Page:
November 25, 2014 | The Weekly Standard
Khamenei Spits in Our Face Again—and We Pay for the Pleasure
He did it again, as we should have expected. Iranian supreme leader Ayatollah Ali Khamenei walked us right up to the finish line, spat on us, and walked away. Months and months of secret and public talks, letters, back channels, and gestures produced nothing of the sort the president, assorted foreign ministers, pundits, and politicians had been predicting. Instead we are to keep talking, and keep paying the Islamic Republic for the pleasure and privilege.
It's not Barack Obama's unique failure; the same thing happened to Bill Clinton and George W. Bush. Both of them came to believe they had a deal with Khamenei, and both of them were rudely disabused of their error when the Iranians walked away. Bush's secretary of state, Condoleezza Rice, was so sure it was a done deal, and so intent on getting it signed and sealed, that she issued three hundred visas over a single weekend in September 2006, for passengers to travel on Ali Larijani's plane to New York for a signing ceremony at the UN. She then flew to New York to await the Persians. But Larijani's plane sat on the tarmac in Tehran, and neither he nor the 300 ever came.
It's time for serious students and policy makers to draw appropriate conclusions from this consistent pattern, and to rethink their Iran policy views.
The basic conclusion: Khamenei does not want a deal with the United States (aka “The Great Satan”). Obama has been pursuing a strategic alliance with Iran since 2008, well before his inauguration and even before his election. During the election campaign he quietly dispatched retired Ambassador William Miller to Tehran to inform the mullahs that a new era in Iranian-American relations was about to begin, and the “dialogue” between Washington and Tehran has continued for more than six years. No sensible person doubts Obama's willingness to be generous to the Iranians. Any lingering skepticism should be definitively eliminated by the latest “extension,” which reportedly bestows $700 million on Khamenei every month for continuing to talk.
Khamenei could certainly have had a very good deal if he wanted it. If he didn't take one, it's because he doesn't want it. Why? Because it's all about core convictions: he hates us, and he doesn't want to go down—possibly quite soon, if reports of the gravity of his prostate cancer are accurate—as the ayatollah who came to terms with Satan.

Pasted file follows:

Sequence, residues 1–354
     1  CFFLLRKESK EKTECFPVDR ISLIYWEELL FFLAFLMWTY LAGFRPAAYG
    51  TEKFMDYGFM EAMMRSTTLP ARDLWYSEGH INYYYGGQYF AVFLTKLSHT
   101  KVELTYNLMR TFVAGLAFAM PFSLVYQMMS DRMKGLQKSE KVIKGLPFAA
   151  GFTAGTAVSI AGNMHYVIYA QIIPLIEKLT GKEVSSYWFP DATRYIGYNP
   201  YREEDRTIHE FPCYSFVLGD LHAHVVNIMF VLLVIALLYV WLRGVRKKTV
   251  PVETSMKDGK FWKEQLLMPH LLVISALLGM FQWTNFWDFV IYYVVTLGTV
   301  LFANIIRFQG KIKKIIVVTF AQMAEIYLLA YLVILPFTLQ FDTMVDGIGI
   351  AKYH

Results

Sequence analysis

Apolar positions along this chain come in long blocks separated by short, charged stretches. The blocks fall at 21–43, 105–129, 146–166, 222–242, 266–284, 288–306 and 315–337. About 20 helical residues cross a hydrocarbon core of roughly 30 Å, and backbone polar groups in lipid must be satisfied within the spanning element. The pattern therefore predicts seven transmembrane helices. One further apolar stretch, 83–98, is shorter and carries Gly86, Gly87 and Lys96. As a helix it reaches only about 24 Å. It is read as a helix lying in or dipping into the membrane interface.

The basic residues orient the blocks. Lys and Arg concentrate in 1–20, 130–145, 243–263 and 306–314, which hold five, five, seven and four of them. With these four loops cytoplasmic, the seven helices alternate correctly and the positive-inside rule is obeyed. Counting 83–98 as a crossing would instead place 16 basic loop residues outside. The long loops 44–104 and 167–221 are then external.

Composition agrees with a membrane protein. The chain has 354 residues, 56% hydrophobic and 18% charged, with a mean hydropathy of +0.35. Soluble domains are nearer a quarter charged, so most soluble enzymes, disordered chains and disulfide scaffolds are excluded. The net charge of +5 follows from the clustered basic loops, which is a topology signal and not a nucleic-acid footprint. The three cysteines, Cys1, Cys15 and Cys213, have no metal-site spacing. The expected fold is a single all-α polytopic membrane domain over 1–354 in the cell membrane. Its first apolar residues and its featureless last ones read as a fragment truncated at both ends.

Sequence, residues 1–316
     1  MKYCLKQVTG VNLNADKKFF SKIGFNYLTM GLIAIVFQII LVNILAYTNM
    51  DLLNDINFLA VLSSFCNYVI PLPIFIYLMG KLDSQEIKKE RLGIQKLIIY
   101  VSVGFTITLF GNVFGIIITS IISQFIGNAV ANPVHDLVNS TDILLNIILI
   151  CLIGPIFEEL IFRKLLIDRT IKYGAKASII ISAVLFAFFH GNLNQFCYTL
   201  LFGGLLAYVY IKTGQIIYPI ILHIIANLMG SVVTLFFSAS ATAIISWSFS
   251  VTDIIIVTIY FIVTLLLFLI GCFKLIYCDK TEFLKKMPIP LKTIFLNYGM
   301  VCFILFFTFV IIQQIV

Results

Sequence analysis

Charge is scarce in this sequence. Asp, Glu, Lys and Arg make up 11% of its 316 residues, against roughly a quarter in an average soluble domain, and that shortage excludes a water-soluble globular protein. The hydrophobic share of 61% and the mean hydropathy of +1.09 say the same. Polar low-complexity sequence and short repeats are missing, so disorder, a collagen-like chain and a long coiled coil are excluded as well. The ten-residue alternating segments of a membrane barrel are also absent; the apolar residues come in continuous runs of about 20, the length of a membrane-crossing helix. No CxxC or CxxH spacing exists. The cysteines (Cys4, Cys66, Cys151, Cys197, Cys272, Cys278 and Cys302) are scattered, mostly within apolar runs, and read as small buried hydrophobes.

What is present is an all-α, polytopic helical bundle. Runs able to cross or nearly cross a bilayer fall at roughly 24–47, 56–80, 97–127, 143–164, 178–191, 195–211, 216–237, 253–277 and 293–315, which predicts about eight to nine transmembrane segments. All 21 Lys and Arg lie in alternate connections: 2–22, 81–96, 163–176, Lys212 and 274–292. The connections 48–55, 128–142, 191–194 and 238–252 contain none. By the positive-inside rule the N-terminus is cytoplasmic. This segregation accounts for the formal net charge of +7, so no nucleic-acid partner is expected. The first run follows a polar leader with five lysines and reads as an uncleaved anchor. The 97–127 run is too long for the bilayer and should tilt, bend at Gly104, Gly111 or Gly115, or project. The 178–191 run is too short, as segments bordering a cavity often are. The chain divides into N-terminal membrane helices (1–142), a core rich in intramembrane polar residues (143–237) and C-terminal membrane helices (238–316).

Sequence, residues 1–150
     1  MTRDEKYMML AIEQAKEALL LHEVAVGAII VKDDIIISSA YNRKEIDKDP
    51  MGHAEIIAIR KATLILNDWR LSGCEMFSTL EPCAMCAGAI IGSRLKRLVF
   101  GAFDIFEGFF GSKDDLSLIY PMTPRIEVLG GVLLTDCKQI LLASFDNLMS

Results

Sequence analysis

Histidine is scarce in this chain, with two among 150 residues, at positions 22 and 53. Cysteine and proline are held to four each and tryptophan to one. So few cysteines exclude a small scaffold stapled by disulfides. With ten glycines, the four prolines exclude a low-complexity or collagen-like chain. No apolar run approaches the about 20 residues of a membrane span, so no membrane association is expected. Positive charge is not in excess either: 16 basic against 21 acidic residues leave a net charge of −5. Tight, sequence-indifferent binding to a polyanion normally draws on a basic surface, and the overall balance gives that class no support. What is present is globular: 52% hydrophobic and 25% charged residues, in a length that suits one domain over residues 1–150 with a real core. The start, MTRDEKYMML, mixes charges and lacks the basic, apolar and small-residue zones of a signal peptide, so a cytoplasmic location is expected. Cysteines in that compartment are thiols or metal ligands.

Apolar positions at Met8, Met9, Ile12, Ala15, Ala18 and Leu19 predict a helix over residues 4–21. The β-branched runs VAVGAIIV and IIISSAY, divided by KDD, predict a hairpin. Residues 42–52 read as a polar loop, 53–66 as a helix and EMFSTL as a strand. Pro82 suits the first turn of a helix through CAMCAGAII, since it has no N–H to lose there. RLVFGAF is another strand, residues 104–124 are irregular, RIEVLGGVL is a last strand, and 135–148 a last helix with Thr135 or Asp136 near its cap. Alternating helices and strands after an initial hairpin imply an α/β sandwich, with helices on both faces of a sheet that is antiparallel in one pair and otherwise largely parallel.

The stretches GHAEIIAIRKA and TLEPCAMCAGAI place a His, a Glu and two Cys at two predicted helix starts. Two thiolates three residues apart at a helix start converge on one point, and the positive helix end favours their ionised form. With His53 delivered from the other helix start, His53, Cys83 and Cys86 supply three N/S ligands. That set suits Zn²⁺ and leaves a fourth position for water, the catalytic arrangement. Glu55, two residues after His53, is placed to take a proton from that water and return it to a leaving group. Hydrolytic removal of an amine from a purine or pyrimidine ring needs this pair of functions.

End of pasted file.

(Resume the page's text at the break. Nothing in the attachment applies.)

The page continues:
Moreover, he doesn't need to get in bed with the devil in order to achieve his basic objectives. The interim agreement gives him plenty of nuclear wiggle room, as we see from the rude treatment of the UN's International Atomic Energy Agency. They insisted on visiting the suspected nuclear facilities at Parchin, the Iranians told them to go to hell, and nothing happened. On the sanctions front, Khamenei certainly hates them, but he's grinding down their enforcement, finding myriad ways to avoid them, and getting cash money in the bargain.
On the battlefield, he's doing quite well, thanks in no small part to American cooperation in support of his (and his Russian ally's) prime regional objective, namely the survival of the Assad regime in Syria. We are not seriously supporting anyone who threatens Assad. And the new Iraqi government leaders, whom we purport to trust and support, zipped off to Tehran within days of taking office. In these and several other ways, Obama's quest for an alliance with Tehran has progressed considerably, but mostly on Khamenei's terms.
I can't prove it, but I suspect that Zarif and Rouhani convinced Khamenei to approve the talkathon with The Great Satan because they had understood that Iran could get most anything it wanted from Obama. I don't think they were dragged to the negotiating table by “biting sanctions,” even though the sanctions hurt the Iranian people and sensitive parts of the economy. Their nuclear activity has increased as sanctions tightened, and Iranian military activity in Iraq and Syria is mounting. These matter much more to Khamenei than a chicken shortage in the markets.
There is no deal, and the evidence suggests there isn't going to be one. What, then, to do?
Obama's apologists, including distinguished diplomats and one-time associates from Dennis Ross to Robert Gates, repeatedly told us that the “opening” to Iran would be brief, and if it became clear the deal was not in the cards, Obama would get tough. Remember “I don't bluff”? Is six years-plus long enough? If so, it's prudent to retool our policy, starting with the Washington Post's simple dictum, if you want to prevent a nuclear-armed Iran, you've got to have regime change in Tehran.
Khamenei knows that, and he dreads it. He knows his people hate him and want him and his regime removed. It's proven by the significant increase in repression since Rouhani came to power; a tyrant confident of popular support wouldn't be slaughtering his purported followers.
Regime change is a political strategy, not a military campaign. Its main weapons are words and dollars, not drones and special forces. There are plenty of people in this country who conducted such a campaign against the Soviet Empire, which was far more formidable than the Islamic Republic of Iran.
Congressional leaders might want to hear about that successful strategy, and urge the president and his acolytes to stop pursuing a foolish and dangerous mirage, and try something that actually worked.